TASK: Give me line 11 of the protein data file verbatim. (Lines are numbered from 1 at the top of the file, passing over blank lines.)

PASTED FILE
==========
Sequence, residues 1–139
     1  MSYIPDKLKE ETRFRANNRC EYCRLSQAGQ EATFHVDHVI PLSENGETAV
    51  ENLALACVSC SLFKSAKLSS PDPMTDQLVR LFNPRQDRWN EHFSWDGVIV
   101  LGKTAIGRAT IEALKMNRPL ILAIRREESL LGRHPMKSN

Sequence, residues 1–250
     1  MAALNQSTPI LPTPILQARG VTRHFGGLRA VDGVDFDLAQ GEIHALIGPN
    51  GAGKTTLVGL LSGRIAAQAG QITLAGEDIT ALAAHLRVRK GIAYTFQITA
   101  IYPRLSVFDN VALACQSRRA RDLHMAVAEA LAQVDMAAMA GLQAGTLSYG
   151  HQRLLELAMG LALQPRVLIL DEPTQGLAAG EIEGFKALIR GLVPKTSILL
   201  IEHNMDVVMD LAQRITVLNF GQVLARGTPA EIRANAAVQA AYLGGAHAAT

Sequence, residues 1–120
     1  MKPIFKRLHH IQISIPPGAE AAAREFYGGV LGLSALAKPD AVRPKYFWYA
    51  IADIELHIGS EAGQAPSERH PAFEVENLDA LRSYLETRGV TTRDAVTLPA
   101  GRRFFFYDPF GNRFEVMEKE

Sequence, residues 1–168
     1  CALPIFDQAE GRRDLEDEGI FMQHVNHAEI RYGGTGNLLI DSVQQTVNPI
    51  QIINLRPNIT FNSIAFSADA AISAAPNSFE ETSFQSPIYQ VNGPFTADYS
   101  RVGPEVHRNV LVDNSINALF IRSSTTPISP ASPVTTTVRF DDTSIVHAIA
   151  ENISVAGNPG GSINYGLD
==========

Sequence, residues 1–120